Well I never stopped doing it. Fantasy Roleplaying Games (FRPGs) are as much a part of the person I have become as any of the other links here on this page. And to date, it is the only one of my hobbies that has actually made me any money.
I first started playing FRPGs in the late 70's/early 80's, like most of the people I know. However, most of my friends started playing them because they had some friends that got them interested in the hobby. Myself, I had my Uncle Karl.
For reasons I'm not going to go into here, my childhood was not what you would call normal. Plainly put, I was a pretty messed up little kid. After my Mom's divorce, she and I moved back to San Diego, CA, the city in which I was born.
For a while, we lived with my Uncle Karl and his wife, my beloved Aunt Becky. But before that, we lived in a crappy part of San Diego that I'm really sure didn't even have a fancy name, like most of the communities of that time were getting. You know, something like "Happiness Point," "Golden Oaks," or "Fresno." Suffice to say, it sucked. A lot. We kids used to play in dumpsters, because they were bulletproof. (and you thought those stickers on the outside were warnings. Hah. We put them there so that bums would not invade our games.)
But back to the point (if there really is one). During one of our frequent visits to Karl and Becky's house, my uncle (who, I might add, had 5 boys of his own) took time to find out what I liked doing, and turned me on to science fiction.
Now I had read a few books before (such as the Wizard of Oz, Charlotte's Web, and juvenile fiction of that sort), but none of them were really all that compelling. But I did love Star Wars and Star Trek.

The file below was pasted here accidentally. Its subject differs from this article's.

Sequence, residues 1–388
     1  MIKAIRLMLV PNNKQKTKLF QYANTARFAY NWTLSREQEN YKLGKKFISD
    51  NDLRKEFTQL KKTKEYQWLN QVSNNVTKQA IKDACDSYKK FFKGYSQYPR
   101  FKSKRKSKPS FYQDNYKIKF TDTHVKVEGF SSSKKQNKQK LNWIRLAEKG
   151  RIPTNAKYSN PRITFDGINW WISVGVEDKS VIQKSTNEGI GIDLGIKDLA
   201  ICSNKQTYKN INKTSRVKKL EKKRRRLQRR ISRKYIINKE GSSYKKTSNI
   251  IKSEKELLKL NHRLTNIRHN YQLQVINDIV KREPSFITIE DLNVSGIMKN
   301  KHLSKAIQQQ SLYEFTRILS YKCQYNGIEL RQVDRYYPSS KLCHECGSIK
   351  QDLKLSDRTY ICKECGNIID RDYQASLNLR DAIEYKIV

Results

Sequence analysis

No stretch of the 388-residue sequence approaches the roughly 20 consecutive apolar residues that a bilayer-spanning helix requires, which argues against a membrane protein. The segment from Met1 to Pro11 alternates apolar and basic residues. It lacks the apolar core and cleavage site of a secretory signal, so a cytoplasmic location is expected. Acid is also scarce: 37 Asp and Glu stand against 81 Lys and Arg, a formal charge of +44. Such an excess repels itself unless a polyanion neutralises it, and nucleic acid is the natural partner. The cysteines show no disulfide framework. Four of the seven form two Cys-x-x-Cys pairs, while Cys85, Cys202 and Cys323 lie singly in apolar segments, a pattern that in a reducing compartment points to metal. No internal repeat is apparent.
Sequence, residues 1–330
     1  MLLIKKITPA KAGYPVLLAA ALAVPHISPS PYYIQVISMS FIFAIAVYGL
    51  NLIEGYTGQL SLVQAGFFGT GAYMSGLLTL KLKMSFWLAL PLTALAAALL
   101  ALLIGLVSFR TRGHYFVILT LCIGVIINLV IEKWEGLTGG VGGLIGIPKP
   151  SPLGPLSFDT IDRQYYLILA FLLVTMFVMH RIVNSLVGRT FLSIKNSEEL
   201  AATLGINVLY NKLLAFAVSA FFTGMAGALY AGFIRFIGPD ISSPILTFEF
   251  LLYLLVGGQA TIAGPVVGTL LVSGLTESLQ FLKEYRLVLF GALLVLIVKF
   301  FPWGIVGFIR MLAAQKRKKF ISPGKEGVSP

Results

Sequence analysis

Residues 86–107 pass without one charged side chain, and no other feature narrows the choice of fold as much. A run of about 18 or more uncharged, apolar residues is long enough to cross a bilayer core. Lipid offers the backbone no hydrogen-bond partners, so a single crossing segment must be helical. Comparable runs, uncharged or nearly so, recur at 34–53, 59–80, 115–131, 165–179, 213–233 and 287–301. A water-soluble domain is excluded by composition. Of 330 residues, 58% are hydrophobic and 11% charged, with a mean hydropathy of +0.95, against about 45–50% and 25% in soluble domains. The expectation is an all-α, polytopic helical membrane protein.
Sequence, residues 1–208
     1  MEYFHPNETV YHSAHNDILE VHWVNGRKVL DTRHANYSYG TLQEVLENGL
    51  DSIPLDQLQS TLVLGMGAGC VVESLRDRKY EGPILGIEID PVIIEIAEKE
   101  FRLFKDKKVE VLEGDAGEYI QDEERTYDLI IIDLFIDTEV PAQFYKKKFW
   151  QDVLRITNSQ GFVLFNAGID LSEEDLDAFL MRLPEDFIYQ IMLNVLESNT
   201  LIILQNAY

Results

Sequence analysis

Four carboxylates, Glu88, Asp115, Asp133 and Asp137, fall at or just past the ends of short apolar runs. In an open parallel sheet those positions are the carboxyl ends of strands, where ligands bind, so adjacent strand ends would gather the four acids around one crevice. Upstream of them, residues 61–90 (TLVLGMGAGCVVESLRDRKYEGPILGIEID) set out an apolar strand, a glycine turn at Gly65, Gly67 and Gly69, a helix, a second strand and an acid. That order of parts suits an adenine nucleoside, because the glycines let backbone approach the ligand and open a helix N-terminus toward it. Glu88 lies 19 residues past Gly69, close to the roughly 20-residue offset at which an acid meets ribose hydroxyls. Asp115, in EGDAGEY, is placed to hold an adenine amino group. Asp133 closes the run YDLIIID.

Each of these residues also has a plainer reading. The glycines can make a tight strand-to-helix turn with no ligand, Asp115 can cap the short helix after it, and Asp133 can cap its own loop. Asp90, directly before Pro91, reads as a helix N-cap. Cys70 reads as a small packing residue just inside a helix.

A lot. It was a consuming passion, and my imaginary playmates were Han Solo and Mr. Spock (with whom I have always identified). Forget that hillbilly Skywalker kid. He sucked. He didn't even have his own spaceship, like Solo and Captain Kirk. He had to borrow one to fight evil.
But I digress. My uncle discovered my interest in science fiction, and lent me one of his favorite books. A Princess of Mars, by Edgar Rice Burroughs. Within its pages, I found the adventure, romance, and nobility that was sorely lacking in my own young life. (Now, as an adult, I have reread the book many times, and find it to be chock full of sexist attitudes, racist supremacy and trite conventions. And at the same time, it remains one hell of a great book.)
My uncle lent me the book, and when I brought it back, he lent me another one. At the same time, he showed me some cool army men, based on the book. They were called miniatures, and had been put out by some company called Ral Partha.
I have to tell you, THEY ROCKED!! There was Tars Tarkas, the Jeddak of Thark. There was the Warlord himself, John Carter, late of Virginia. And next to them on the shelf, was something called a rust monster.
I asked him what kind of book that was, and he said it was a game. One that perhaps we could play together.
Well I have to tell you, that just about floored me. Most of my game playing experience was with other kids, and usually involved running, jumping, and throwing sticks at one another. Sure, there were some games at my house, but they did not have books with dragons on the cover (And believe you me, I knew what a dragon was, because I had seen the Hobbit on TV a few years before). And now the coolest grown-up in the entire world wanted to play this Dragon game.
The only problem was, he didn't know how to play it. So I undertook the arduous process of learning the Dungeon & Dragons rules, so that Karl and I could play. I had them mostly figured out, too, when the game changed to this.